K-State Student Aims to Spread Awareness of High Blood Pressure Risks

By Pat Melgares, K-State Research and Extension news service


Manhattan, KS– Many Americans understand that high blood pressure – also known as hypertension – heightens their risk of heart attack or stroke. Yanli Wang says it can be even more serious than that.


“Hypertension,” said Wang, a doctoral student in Kansas State University’s Department of Food, Nutrition, Dietetics and Health, “causes problems to many parts of the body.”


As part of her dissertation research, Wang recently conducted focus groups with adults who were mostly unaware that high blood pressure can negatively affect many of the body’s organs – including eyes, kidneys, lungs, brain and heart – as well as bones and the reproductive system.


She’s currently developing educational workshops that will help spread the word about the many dangers of high blood pressure.


In 2017, the American Heart Association and American College of Cardiology revised its guideline for what is considered normal blood pressure, the first such shift in 14 years. The groups re-defined ‘normal’ as readings of less than 120 for the systolic blood pressure measurement, and less than 80 for the diastolic measure.


The previous normal was considered 130/80, and before that, it was 140/90.


What that means is that those once in the range of 130/80 are now considered at risk for hypertension or pre-hypertension, signaling a need for many Americans to take measures to reduce blood pressure or face health risks.


Wang notes that the shift made a huge impact on the statistics of Americans currently considered to have high blood pressure – from about 1 in 3 (or 32%) to nearly 1 in 2 (or 46%).


There is good news, though. The American College of Cardiology reports that controlling high blood pressure is the second-most preventable way to avoid heart disease or stroke deaths (quitting smoking is No. 1).


Wang’s study will combine educational workshops with non-pharmacological approaches – that is, therapies that are not primarily based on medication – to help Americans reduce their risk.


“The non-pharmacological approach involves diet and physical activity, and a weight loss aspect,” Wang said. “It’s not just about what you eat and what you do, or reducing alcohol consumption and smoking. Those are only part of it. We are taking into consideration all of those aspects together.”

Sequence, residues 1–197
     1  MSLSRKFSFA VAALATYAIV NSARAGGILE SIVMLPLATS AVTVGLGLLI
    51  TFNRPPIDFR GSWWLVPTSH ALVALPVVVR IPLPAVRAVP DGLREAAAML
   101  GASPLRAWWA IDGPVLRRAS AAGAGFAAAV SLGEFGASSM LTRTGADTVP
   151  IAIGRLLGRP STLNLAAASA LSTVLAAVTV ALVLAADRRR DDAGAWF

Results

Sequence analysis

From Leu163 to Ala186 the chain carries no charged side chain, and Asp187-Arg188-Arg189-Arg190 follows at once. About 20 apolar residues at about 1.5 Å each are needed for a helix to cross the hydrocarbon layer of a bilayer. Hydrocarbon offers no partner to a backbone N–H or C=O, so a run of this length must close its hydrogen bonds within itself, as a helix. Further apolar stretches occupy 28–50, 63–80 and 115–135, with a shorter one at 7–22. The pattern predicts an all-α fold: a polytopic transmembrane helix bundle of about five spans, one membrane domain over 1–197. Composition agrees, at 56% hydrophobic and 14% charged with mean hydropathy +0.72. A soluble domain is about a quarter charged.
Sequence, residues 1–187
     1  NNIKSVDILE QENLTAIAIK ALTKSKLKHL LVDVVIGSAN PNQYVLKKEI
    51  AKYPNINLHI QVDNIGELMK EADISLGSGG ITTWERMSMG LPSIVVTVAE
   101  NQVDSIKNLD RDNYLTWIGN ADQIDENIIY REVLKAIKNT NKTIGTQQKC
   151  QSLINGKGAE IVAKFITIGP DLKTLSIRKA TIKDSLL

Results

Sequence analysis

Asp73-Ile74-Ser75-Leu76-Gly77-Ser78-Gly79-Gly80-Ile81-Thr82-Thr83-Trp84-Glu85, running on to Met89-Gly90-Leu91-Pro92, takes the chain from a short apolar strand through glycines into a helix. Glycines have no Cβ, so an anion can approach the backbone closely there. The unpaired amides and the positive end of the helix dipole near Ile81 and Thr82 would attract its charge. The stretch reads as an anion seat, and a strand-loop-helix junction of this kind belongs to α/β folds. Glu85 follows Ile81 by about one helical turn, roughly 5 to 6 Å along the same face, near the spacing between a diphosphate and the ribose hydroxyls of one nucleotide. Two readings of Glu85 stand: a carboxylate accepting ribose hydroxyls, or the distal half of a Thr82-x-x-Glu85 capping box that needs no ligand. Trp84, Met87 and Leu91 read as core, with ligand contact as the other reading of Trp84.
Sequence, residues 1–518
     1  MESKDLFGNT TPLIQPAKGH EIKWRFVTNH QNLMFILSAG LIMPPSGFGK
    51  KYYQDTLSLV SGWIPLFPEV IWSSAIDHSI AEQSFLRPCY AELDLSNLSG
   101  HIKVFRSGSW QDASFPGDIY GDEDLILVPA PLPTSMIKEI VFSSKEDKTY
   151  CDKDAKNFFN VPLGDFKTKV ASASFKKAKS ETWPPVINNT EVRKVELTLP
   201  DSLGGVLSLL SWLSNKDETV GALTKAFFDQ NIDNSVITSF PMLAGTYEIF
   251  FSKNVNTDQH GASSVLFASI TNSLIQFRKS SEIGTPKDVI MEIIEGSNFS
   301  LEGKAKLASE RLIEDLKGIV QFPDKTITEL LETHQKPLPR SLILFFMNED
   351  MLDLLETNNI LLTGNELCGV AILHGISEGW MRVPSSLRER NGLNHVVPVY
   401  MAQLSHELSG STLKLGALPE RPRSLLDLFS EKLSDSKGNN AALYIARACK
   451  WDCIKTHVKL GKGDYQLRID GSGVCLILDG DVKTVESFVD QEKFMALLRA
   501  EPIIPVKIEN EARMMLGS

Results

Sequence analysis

Tanda Kidd, Wang’s supervisor and head of the Department of Food, Nutrition, Dietetics and Health, said an important aspect of the project so far is understanding that people often don’t know the dangers of high blood pressure beyond risk to the heart.


“To me, that is the strongest piece coming from her project and something that’s not commonly understood…the impact high blood pressure has on organs besides the heart and brain,” Kidd said. “So, her non-pharmacological approach will include not only outlining how high blood pressure affects you, but also what you can do to control or manage that with little to no medication.”


Kidd said high blood pressure also affects an individual’s ability to recover from injury or surgery: “If your blood pressure is up or down, it impacts how well and how fast someone heals,” she said.


Wang, who earned a small grant from K-State’s graduate school and a dissertation award from the College of Health and Human Sciences to conduct some of her work, will soon announce four workshops aimed at raising awareness of high blood pressure; explaining how it affects the body’s organs; the effects of nutrients in raising, lowering and managing high blood pressure; and non-pharmacological ways to manage the disease.


“One thing we can tell people (who have high blood pressure) is don’t expect improvements to happen overnight. It won’t happen,” Wang said. “It takes time to get there. What we will do is help people understand how to keep a healthy lifestyle, incorporating healthy habits one at a time. And in the long run, they will see the benefits of it.”

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